The Southwest Advocacy Group’s latest efforts are directed toward those in diapers.
The C.H.I.L.D Center, which stands for the Children’s Health, Imagination, Learning and Discovery Center, will serve as a child care and early education center located in the heart of the SWAG neighborhoods.
Set to open for the beginning of the 2017-2018 school year, the new facility is intended to enhance the early education, health and quality of life for young children from birth to age 5, an age that is critically important to a child’s development, said Dorothy Benson, co-chair of SWAG.
“You can’t wait till children are in kindergarten because a majority of brain development is from birth to five,” she said. “They hit kindergarten and they aren’t ready and then they start behind and they never catch up. And that’s a big problem.”
The center will provide comprehensive child care and an early education curriculum, in addition to creative play and nutritious meals, Benson said. SWAG is partnering with the University of Florida’s Baby Gator Child Development and Research Center to help operate the center, and with the Anita Zucker Center for Excellence in Early Childhood Studies for its contribution of evidence-based knowledge about policy and practices in early childhood studies.
Patricia Snyder, Ph.D., director of the Anita Zucker Center, said the importance of investing during a child’s earliest years is crucial for sending them on a positive trajectory, especially since there are only about 1,825 days between the time when a child is born and when they go to kindergarten.
“We know that 90 percent of brain development occurs in the first five years of life and so we want to take advantage of that critical period of development and learning for young children,” Snyder said. “Everything from brain science to behavioral science tells us that the first five years of life are critically important years in a young child’s life.”
Moreover, the C.H.I.L.D. Center will provide parents direct programming for caregivers on topics like parenting, security and nutrition, and offer family support sessions in order to better support the development and learning of their young children.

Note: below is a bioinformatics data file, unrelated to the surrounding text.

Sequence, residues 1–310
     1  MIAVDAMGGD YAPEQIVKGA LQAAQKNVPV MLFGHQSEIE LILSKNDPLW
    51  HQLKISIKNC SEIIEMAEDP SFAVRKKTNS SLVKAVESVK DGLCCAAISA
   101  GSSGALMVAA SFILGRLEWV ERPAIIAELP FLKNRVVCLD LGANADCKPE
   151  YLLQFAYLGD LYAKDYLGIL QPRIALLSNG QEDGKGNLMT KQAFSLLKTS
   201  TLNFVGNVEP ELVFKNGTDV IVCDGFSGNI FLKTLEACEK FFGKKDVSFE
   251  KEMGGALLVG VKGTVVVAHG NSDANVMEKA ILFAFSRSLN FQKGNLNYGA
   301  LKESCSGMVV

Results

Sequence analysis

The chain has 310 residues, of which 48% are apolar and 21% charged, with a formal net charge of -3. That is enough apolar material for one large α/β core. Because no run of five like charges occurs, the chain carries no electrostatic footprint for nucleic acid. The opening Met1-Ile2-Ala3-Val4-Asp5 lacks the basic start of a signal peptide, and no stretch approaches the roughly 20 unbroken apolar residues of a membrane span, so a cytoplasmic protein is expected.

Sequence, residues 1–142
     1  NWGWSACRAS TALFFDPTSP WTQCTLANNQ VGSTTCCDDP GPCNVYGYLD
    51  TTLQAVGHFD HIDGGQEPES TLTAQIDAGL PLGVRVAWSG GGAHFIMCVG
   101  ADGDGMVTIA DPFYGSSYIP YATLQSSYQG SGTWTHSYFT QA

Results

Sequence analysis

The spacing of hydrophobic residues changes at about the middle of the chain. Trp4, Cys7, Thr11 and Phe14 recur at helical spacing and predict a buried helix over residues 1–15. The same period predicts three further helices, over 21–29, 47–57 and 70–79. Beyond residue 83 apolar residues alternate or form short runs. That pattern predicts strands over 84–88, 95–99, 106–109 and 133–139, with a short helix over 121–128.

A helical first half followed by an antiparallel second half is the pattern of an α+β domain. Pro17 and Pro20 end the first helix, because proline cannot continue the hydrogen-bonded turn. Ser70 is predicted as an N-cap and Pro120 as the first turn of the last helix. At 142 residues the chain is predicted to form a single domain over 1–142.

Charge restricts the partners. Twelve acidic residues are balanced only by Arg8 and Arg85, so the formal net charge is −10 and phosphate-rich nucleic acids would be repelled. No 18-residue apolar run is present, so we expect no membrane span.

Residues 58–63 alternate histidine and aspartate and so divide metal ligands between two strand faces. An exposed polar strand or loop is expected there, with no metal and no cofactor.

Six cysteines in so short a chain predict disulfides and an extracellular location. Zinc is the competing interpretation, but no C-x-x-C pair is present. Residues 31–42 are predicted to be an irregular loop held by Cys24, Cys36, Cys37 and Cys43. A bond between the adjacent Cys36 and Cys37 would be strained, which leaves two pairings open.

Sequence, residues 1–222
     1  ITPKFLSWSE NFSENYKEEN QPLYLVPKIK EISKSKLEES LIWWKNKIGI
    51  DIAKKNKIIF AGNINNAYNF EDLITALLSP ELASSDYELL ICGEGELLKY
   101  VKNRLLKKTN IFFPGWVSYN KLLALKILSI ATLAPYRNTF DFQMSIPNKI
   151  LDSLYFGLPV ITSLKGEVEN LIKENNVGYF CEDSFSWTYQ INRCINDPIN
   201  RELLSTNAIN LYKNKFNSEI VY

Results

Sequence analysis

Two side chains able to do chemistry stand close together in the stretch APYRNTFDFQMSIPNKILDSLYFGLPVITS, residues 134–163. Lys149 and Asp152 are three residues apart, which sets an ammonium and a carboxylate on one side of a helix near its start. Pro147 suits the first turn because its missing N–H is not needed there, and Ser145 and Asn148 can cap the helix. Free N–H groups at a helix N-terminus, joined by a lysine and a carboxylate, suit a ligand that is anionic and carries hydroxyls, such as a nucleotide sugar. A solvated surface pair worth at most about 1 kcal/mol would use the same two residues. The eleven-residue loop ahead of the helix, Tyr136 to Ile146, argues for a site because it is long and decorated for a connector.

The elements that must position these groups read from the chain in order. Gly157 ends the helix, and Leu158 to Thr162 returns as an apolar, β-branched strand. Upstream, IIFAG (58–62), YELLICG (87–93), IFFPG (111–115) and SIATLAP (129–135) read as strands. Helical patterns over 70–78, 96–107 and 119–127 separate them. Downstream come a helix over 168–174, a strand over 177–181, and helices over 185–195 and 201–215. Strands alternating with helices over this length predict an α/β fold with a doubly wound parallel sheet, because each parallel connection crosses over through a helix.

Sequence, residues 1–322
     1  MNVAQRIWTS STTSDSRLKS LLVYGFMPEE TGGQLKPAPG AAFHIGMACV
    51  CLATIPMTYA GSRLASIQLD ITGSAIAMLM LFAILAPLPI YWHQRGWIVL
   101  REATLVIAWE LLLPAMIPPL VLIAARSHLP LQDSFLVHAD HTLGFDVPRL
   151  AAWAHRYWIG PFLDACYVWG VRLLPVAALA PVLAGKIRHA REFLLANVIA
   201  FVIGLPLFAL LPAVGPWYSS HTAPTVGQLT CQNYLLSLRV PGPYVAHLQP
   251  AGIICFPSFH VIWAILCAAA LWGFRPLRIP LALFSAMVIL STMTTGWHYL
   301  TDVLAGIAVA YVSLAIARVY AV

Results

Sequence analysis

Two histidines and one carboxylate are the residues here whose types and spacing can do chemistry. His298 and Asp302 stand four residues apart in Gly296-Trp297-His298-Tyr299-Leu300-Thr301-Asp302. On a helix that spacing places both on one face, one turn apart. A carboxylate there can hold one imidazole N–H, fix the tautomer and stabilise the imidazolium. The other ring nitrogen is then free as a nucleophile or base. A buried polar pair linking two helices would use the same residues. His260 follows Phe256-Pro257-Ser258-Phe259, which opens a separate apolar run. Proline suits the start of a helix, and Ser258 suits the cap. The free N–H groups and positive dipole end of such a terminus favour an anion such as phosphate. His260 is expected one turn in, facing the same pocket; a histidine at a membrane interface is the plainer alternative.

Dorothy Thomas, co-chair of SWAG, said these programs will hopefully empower parents and caregivers to be their children’s first teacher. Not all parents know what the best practices for children might be, so providing guidance and support for them as well is just as important as for the children, she said.
“It’s one thing to send a kid to school every day and get some education, but what’s really important is that they look at their mom and their dad and have a relationship…that helps build them up and provide that same sort of care and nurturing and positive learning experience from their actual family,” she said. “That’s way more important than any care or service that somebody else can provide.”
In addition, the C.H.I.L.D. Center will act as a model demonstration center for the field of early childhood care and education. This means that child care providers from all over the county can come to learn the best practices of how to better educate children from the experts working at the facility, Thomas said.
“That type of impact is going to be felt county wide by who knows how many people,” she said. “If we are better training early learning providers throughout the county by what we are doing at the C.H.I.L.D. Center, then the ripple effect is going to be huge.”
The facility’s location is set for a lot just down the street from the SWAG Family Resource Center and the Southwest Health Clinic. According to data collected over the years, this is an area that is a desert for quality early learning centers, Snyder said.
It is this lack of access to early learning that is resulting in large achievement gaps between the children of the SWAG communities and the neighboring wealthier subdivisions, like Haile Plantation, said Joan Canton, vice-chair of SWAG and a resident in the SWAG community.
“The three elementary schools that the kids in these areas are fed to are very high performing schools and it helps the larger community keep their schools high performing if the children from the poorer communities come in there and are on the same level with their kids,” Canton said.
As a result, the major goal of this C.H.I.L.D Center is to minimize this learning gap, Benson said.
“We have big achievement gaps and our hope is to close those achievement gaps,” she said. “To truly go from cradle to career, you have to start serving where the biggest gap is and that’s definitely prenatal to 5.”